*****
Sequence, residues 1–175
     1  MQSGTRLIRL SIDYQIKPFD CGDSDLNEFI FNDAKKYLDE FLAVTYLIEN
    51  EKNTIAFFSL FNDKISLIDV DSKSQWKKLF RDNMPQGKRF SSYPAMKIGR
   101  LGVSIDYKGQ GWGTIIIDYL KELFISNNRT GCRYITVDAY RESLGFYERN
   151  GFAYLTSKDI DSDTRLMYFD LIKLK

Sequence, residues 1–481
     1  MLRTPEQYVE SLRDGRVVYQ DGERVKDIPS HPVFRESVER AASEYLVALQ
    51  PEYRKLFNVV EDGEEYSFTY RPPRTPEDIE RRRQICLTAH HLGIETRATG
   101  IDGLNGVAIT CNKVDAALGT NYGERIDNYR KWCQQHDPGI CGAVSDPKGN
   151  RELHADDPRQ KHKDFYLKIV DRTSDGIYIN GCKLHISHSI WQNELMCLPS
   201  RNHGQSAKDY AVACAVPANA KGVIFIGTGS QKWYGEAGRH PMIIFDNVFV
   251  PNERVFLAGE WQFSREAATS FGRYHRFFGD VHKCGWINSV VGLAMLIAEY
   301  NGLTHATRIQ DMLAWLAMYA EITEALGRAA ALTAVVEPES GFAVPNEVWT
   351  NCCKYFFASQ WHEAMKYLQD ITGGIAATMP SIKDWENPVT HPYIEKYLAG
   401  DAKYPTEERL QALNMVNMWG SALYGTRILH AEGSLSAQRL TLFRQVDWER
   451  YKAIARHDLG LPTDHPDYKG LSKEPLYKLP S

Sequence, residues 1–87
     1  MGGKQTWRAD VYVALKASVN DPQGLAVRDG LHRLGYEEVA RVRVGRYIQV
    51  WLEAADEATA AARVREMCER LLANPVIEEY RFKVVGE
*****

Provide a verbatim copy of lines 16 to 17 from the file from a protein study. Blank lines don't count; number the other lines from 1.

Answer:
   451  YKAIARHDLG LPTDHPDYKG LSKEPLYKLP S

Sequence, residues 1–87